As for e-fences...I would much rather someone who lives in a suburban environment (neighborhoods where other dogs are prevalent) to walk their dog rather than utilize an e-fence. But on the opposite end we live in a very rural area. Most homes are on at least 15 acres, workin farms, etc. Here e-fences are very prevalent because it's very costly to dog fence such a large area. And most have 'working' dogs whether that be a job on the farm or companionship to farm or land owner as they move about their day on their property. Often times an e-fence is temporary as their dog learns the boundaries and no longer need the collar.
  9. 4girlsgiggling

    4girlsgiggling Big Dog

    Well, my brother's beagle was stolen, "Flash" during hunting season one year!
    Thank God, my dad investigated, and found the idiots!
    So, for them ... the chain spots are keeping them safe.
    My great grandma kept her shepard chained in front of her porch, for protection. Not 24/7. She was in her 80's and lives alone. She swears he kept possible intruders away.
    Her house could be seen from I-70, she had hitch hikers knock on her door various times before she started putting Frisky on his tie out.
  10. 4girlsgiggling

    4girlsgiggling Big Dog

    I forgot to add ...
    There is always someone home, my brother is 28 and lives there.
    My great aunt lives across the road.
    My aunt and uncle have property adjunct to my parents.
    Everyone watches out for each others animals.
  11. Vicki

    Vicki Administrator Administrator

    An e fence is worse than a tether.

    A dog gets to it boundary with it's collar on, and gets shocked. Squirrel goes by, dog gets thru fence, but, alas, now cannot get back home, because that darn e fence keeps zapping him. There are more residential and rural areas banning the e fence, simply because of its innate ability to scare the shit out of passerbys and their animals. My parents lived down the road from some people who thought it was hysterical to leave their big dobermans out when people were walking by.

    A properly tethered dog usually won't get loose, as long as hardware is maintained properly. Ideally, if you are going to tether a dog, it sure would be more fun to have a privacy fence or a nice wire fence out back to keep the wandering peek-a-poo from rolling in the deep. [​IMG]

    Ive used 1/4 inch chains with a grade of 70 on them in the past. they were very light chains and the dogs moved freely on them.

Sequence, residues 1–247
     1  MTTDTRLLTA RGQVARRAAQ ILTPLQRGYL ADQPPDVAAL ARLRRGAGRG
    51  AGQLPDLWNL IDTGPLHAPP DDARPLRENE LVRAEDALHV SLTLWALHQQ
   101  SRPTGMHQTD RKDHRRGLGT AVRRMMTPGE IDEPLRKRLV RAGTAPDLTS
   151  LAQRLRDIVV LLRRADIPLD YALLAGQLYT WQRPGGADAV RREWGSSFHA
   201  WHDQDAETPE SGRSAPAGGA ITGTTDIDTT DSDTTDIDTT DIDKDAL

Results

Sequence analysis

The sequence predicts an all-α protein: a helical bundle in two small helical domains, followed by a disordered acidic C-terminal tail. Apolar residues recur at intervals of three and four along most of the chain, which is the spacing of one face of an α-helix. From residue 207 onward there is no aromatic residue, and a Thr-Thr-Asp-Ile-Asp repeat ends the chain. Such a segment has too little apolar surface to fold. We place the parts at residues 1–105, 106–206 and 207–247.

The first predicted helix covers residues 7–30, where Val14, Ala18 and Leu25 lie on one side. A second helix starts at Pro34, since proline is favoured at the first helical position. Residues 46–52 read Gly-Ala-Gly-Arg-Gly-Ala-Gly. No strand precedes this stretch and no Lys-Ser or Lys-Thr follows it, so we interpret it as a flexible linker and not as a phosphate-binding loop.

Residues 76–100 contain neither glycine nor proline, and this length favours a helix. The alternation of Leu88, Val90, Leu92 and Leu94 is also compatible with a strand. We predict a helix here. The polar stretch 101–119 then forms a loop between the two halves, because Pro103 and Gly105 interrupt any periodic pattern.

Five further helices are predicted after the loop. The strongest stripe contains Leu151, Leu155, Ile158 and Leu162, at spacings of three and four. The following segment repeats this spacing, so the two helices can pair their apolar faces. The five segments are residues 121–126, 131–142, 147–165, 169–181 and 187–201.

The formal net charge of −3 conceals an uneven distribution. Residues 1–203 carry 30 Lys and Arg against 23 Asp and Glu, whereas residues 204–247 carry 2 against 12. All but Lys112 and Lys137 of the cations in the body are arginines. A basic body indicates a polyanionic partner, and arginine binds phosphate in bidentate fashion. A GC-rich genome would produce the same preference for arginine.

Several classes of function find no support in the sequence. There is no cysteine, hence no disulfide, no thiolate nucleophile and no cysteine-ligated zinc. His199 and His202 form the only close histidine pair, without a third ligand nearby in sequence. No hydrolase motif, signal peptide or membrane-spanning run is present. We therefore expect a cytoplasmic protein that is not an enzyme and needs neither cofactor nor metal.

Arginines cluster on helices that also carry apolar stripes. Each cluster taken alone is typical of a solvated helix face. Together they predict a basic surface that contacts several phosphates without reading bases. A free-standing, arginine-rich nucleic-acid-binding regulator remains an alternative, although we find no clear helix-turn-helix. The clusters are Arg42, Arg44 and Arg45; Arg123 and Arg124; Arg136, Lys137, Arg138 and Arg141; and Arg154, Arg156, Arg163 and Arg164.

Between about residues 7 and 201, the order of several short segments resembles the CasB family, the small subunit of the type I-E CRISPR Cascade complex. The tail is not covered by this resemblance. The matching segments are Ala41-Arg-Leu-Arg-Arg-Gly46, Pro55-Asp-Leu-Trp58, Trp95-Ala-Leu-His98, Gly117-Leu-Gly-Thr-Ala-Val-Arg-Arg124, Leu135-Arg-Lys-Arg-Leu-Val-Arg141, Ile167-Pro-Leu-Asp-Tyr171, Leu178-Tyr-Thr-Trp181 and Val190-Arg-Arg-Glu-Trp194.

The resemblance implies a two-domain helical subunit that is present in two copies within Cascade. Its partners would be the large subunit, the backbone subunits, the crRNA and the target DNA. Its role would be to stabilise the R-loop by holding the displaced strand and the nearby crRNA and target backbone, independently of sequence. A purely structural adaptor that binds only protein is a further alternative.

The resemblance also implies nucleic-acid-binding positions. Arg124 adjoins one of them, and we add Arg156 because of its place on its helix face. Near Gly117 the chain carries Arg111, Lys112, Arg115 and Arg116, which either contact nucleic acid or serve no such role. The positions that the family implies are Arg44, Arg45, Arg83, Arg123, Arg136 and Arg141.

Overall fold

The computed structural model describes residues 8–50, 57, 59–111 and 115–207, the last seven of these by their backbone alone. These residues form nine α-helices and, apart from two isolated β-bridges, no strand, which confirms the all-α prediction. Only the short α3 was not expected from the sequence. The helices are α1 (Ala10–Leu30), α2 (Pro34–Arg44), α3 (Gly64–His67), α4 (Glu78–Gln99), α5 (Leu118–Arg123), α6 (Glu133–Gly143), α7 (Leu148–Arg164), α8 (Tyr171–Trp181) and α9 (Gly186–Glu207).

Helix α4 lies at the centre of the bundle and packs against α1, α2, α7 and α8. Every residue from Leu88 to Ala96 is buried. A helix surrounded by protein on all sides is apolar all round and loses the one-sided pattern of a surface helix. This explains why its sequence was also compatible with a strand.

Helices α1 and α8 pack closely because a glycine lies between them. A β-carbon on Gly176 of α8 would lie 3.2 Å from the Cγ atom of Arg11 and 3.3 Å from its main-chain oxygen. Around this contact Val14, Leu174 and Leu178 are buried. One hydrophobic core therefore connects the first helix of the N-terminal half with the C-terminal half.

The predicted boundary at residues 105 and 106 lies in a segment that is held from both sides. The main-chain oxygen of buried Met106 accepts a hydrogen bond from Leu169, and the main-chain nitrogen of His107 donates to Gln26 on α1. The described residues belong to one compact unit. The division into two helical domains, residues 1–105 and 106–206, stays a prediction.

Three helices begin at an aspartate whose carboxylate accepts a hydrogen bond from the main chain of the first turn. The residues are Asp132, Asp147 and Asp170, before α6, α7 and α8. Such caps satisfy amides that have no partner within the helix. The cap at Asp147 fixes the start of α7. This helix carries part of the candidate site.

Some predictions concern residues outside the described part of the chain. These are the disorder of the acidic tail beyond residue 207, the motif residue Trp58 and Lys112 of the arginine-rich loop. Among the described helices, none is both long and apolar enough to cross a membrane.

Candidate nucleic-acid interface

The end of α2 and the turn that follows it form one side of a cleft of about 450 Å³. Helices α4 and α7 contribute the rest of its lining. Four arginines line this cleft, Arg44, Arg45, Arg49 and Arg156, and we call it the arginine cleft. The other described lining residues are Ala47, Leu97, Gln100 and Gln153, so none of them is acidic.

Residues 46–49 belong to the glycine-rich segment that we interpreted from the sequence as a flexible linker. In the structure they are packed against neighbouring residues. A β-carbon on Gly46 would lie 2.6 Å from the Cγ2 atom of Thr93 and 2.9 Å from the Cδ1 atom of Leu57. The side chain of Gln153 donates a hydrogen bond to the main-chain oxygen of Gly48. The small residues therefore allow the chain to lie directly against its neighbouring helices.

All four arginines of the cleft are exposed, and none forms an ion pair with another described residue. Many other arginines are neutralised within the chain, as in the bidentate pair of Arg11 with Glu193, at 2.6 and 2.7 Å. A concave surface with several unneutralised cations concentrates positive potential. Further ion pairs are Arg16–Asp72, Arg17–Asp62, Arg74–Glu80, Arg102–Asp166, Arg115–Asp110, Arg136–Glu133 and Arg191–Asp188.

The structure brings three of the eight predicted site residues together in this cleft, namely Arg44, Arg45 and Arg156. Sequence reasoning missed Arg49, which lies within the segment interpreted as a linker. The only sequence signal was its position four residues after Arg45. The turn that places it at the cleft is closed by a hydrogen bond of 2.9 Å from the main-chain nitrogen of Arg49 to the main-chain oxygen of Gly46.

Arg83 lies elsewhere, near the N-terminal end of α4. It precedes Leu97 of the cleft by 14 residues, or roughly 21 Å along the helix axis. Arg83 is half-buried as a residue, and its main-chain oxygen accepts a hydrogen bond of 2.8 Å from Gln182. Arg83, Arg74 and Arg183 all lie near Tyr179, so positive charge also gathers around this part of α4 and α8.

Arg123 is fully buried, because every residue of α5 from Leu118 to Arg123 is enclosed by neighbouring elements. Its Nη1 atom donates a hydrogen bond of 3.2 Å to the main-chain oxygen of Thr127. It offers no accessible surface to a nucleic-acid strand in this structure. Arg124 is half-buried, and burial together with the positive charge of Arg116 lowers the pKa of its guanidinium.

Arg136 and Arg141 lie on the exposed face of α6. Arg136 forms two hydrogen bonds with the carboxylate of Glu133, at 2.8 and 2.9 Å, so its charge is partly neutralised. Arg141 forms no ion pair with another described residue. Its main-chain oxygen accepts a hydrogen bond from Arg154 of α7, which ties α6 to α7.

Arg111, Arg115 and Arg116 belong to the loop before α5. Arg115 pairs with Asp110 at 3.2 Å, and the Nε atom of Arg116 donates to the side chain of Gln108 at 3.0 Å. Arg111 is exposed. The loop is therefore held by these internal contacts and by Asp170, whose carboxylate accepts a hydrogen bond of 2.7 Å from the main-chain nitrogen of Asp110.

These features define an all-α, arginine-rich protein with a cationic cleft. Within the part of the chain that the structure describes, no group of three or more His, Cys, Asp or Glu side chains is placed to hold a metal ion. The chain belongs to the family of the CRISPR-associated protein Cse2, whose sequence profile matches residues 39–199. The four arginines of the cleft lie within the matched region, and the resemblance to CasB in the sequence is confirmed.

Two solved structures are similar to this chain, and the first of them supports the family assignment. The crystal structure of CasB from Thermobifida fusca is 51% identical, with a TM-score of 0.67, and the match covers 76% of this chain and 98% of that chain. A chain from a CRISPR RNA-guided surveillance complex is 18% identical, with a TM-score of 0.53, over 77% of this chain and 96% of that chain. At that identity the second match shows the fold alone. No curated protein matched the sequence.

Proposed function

a 10X10 kennel gives 100 sq ft.
    a 10X10 proper chain setup gives the dog 314 sq ft.
    if i were a dog id pick the proper chain set up ..... a proper set up for a chain is not around a tree. its done right to allow the dog the most movement. you can use a axle shaft from a car or truck it doesnt matter or even a ground anchor if its long enough and deep enough in the ground.....

    its cheaper to get a good chain set for the dog than it is a kennel that doesnt give the dog as much movement. i have mine in 10x10 kennels now and i feel sorry for them. i paid $600 for each one (2 of them $1200 altogether) and they get shit for movement. i paid $70-$80 for a chain set up(chain, orings, laplinks and axle) and they were getting more movement and more exercise on the run than in the kennel.

    did i mention it is cheaper and they get more room to move?????????

    there is no barrier on a chain as with a kennel, but if your yard is fenced this should not be a problem.
    and that is my only con.


    "Lack of interaction, too easy to chain and forget.
    Frustration due to passing objects (person, people, things) and having just enough room to start towards it yet not enough to get to it.
    Medically- getting tangled, dragging a heavy chain, accidental hanging"

    Your cons can be said easily with kennel and with a chain set up. i can easily taunt and frustrate a dog in a kennel as on a chain. what you do to avoid these issues is to move the dog into a area were the dog can not be visually stimulated while being contained whether its on a chain or in a kennel. your lack of interaction can be played both ways. i can easily if i wanted to just walk into my kennels and drop the food down and ignore them cleaning there kennel out 1x a week. i can do this also on a chain. its not the set up, but the maturity of the person who owns the setup. a tangled chain never happens on a good chain setup. tangled chains happen on horrible setups, so in actuality you cons arent cons at all on a certain housing option.